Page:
Non-communicable diseases kill 41 million people each year. Among them are heart disease, cancer, diabetes and lung disease, for which tobacco use is a leading but entirely preventable common risk factor. Tobacco use is also inextricably linked to poverty, as nicotine addiction drives smokers to spend a large proportion of their income on tobacco and reduces the amount of money available for basic necessities such as food, healthcare and education. The economic and societal costs of tobacco-related diseases are staggering and cost an estimated US$1.4 trillion (Bt45 trillion) annually in healthcare costs and lost productivity due to illnesses and early deaths.
“This updated atlas captures in detail the continuing battle waged by the tobacco industry against public health. The good news is that countries are fighting back to protect health and save lives. The bad news is that progress isn’t fast enough,” said Dr Ulysses Dorotheo, executive director of SEATCA.
Among Asean countries, male adult smoking prevalence is highest in Indonesia at 66 per cent and lowest in Singapore at 21.1 per cent.
All 10 Asean countries have implemented pictorial health warnings on cigarette packs, four of which are among the biggest in the world – Thailand (85 per cent front and back of the pack), Brunei, Laos and Myanmar (75 per cent), while Singapore and Thailand are in advanced preparatory stages to require plain packaging.
Tobacco tax policies have been strengthened in Brunei, Indonesia, Myanmar, Philippines, Singapore and Thailand and have helped to reduce affordability of tobacco products. However, the cigarette prices still remain affordable and relatively low (less than $1 per pack) in Cambodia, Laos, Myanmar and Vietnam.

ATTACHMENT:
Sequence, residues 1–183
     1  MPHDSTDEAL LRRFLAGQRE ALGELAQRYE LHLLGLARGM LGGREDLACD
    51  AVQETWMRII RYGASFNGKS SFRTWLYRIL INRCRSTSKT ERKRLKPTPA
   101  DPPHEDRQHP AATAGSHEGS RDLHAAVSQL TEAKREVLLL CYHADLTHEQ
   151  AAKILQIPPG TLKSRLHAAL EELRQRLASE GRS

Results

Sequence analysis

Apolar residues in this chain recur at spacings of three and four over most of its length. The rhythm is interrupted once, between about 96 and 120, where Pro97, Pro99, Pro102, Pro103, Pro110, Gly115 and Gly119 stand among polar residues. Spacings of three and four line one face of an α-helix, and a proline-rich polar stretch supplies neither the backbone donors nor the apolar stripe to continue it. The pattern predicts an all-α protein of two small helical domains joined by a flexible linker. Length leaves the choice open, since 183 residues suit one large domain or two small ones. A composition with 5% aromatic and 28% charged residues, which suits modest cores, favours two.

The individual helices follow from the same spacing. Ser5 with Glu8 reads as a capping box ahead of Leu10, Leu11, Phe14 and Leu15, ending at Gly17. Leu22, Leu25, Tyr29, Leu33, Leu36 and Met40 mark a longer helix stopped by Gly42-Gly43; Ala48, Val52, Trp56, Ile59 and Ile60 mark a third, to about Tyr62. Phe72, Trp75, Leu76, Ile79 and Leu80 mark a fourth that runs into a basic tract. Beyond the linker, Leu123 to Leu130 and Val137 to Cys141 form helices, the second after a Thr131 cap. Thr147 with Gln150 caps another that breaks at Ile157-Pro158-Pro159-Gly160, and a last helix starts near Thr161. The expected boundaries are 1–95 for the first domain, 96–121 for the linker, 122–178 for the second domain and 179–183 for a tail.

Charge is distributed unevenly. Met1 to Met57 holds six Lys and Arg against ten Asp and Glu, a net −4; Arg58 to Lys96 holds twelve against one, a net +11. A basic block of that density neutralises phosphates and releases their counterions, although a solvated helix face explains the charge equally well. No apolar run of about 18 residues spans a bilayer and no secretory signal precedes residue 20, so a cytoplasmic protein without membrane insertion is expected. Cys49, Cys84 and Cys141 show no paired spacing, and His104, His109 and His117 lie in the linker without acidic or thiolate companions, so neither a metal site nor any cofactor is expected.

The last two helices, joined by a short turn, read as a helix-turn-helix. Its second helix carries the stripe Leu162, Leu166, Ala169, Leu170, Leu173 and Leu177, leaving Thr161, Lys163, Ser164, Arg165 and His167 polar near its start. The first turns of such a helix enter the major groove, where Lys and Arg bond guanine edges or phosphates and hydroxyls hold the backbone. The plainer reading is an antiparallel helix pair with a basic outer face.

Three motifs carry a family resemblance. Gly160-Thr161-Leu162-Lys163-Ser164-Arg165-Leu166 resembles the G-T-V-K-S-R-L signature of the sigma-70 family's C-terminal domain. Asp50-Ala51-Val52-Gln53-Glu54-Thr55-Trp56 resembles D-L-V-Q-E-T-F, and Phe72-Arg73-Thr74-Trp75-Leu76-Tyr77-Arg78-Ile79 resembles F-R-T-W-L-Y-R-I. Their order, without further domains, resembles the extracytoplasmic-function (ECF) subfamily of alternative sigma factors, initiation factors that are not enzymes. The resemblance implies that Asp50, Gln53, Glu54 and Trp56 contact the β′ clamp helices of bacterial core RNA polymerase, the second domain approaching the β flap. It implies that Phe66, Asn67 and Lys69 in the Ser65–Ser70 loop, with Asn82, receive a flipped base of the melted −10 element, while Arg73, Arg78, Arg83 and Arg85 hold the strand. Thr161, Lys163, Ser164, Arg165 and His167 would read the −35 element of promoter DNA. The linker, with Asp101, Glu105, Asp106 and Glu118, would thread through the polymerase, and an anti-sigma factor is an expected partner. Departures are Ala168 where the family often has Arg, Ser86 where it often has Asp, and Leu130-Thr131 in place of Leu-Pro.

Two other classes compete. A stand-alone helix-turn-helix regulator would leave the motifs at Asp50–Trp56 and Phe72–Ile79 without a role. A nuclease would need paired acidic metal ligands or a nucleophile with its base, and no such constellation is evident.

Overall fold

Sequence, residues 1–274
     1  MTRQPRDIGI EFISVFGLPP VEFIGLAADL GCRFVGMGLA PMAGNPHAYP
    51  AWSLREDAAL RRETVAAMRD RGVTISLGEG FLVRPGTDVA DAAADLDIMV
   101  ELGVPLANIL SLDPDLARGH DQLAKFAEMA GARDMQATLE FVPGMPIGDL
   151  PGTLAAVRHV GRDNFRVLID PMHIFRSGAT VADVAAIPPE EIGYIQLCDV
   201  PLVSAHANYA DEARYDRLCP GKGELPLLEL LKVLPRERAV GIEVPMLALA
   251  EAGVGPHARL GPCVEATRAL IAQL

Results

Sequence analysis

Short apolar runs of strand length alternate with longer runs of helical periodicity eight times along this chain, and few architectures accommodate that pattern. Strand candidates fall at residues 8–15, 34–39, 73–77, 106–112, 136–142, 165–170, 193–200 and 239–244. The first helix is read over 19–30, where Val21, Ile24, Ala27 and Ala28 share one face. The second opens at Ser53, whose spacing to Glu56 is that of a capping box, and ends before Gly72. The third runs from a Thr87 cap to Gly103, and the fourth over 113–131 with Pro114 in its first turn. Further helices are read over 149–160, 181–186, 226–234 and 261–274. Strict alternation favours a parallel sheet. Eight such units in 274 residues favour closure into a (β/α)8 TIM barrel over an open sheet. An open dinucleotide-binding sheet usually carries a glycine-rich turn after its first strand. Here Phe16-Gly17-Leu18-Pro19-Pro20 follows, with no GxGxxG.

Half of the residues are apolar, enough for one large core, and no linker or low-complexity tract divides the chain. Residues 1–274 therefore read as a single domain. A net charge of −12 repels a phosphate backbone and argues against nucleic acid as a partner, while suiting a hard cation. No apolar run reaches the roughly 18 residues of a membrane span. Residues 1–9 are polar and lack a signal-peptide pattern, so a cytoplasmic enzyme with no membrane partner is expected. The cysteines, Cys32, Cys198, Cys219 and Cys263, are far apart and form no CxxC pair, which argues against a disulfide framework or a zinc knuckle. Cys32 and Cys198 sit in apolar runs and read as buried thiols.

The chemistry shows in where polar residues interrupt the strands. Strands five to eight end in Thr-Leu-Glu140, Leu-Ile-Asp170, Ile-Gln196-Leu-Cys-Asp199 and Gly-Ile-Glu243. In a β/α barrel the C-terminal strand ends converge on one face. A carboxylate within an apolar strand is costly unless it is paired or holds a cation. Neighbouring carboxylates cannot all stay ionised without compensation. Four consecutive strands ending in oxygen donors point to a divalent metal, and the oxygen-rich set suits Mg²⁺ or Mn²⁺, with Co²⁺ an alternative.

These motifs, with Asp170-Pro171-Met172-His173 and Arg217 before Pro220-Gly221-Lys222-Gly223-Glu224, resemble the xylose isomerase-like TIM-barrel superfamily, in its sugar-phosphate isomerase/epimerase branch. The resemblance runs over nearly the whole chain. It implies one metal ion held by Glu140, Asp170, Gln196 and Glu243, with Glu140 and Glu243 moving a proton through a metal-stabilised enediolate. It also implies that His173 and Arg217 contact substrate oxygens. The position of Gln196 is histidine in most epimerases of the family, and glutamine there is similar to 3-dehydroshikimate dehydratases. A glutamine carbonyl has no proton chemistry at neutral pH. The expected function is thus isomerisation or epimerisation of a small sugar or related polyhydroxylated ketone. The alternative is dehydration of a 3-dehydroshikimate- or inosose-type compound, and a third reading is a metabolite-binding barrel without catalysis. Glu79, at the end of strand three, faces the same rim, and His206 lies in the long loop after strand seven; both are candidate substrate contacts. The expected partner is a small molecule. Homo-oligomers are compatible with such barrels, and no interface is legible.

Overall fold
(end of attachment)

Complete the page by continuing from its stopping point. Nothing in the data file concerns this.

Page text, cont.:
The tobacco industry continues to escape stringent regulation by interfering at all levels of tobacco control policy development and implementation. Only four Asean countries – Indonesia, Philippines, Singapore and Thailand – have taken steps to protect their public health policies from tobacco industry interference by developing a policy, guidelines or a code of conduct to prevent unnecessary interactions with the industry and ensure transparency of any interactions that occur.
The tobacco industry keeps inventing new ways to sell harm through novel marketing schemes, attractive packaging, new flavours and new products to appeal to youths, women and first-time smokers. Tobacco companies are producing e-cigarettes in myriads of flavours and promoting these as less harmful than conventional cigarettes and as smoking cessation devices. Only four Asean countries (Brunei, Cambodia, Singapore and Thailand) have banned sale of all types of heated tobacco products, e-cigarettes, shisha and water pipes.
Wendell C Balderas